COP26 was supported by a wide variety of major multinational corporations, whose involvement, if not directly responsible for the failure of the conference, at least gives an insight into the deeply flawed approach of those in power that did ultimately result in COP26 (and every other climate conference before it) ending so disastrously.

Twenty three corporations are listed as supporting the conference in some capacity, either as Principal Partners, Partners, or Providers. These corporate sponsors provided financial support as well as services in kind. While it’s difficult to know how much each of these corporations paid, we know that their contributions did not go unrewarded.

In exchange, they received a variety of perks in the form of publicity, networking and marketing opportunities. This is most apparent for the eleven Principal Partners, whose logos feature on the COP26 website, appearing at the bottom of almost every page. This is all in addition to the marketing and promotional material they created for themselves.

The Principal Partners were given exhibition space inside the ‘green zone’, the part of the conference that was accessible to the public, as well as the opportunity to hold events as part of the official green zone program.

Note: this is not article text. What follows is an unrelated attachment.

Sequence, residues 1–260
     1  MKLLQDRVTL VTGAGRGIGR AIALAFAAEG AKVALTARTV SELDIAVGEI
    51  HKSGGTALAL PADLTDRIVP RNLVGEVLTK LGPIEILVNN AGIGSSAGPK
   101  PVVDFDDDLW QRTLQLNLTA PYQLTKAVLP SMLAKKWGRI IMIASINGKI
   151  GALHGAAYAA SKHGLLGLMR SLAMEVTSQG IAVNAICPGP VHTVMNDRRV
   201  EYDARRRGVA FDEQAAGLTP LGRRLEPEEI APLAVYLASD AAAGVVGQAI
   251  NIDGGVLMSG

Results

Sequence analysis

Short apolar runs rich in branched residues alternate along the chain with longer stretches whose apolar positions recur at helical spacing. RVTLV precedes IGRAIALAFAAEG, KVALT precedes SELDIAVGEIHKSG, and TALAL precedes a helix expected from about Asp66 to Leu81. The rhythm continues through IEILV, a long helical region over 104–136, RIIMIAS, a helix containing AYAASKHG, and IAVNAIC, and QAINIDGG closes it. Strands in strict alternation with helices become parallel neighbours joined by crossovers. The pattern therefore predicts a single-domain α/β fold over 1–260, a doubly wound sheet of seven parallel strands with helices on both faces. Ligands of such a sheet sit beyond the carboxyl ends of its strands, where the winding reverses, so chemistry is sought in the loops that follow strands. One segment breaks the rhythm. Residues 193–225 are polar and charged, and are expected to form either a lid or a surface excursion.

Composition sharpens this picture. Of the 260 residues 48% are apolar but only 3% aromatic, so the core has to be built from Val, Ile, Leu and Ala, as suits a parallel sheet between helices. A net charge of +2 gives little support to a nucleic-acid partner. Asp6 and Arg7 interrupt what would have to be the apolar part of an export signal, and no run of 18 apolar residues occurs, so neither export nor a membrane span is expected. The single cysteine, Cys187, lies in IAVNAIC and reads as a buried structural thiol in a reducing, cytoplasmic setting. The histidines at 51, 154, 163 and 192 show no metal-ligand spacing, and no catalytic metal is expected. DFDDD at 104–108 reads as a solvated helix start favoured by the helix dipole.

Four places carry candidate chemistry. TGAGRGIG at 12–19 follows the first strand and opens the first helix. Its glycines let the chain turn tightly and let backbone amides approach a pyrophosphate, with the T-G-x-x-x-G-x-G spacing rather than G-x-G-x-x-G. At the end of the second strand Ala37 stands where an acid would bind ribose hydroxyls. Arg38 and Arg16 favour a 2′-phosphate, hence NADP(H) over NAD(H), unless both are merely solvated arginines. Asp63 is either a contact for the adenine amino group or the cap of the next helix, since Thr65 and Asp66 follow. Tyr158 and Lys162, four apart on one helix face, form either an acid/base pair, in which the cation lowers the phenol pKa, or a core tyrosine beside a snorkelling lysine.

The business case for being a COP sponsor is clear, and has little to do with effecting genuine, meaningful change. Sponsorship of COP26 was an opportunity for corporations to present themselves as environmentally conscious (softening their image and maybe gaining an edge with environmentally minded consumers), while also allowing them to guide climate and environmental policy in a way that is profitable to them.

Despite their involvement in COP26, and their apparent desire to address the climate crisis, these corporations continue to produce enormous amounts of carbon dioxide. A recent investigation by the Ferret, an independent non-profit media cooperative in Scotland, found that the eleven Principal Partners alone were responsible for 350 million tonnes of C02 emissions in 2020, more than the total produced within the UK that year — although the companies claim that some of these emissions may have been counted more than once.

The sponsors claim to have bold plans for decarbonisation. They also point towards reductions in CO2 emissions they have already made, however these reductions are not always what they seem.

Take the case of Scottish Power. It proudly claims that all the energy it generates comes from wind power, however it achieved this by selling its fossil fuel investments to Drax, which runs the highly polluting biomass power station in Yorkshire, for £702 million in 2018. In effect, not only did Scottish Power fail to reduce the total amount of carbon emissions being produced, but profited from its continuation.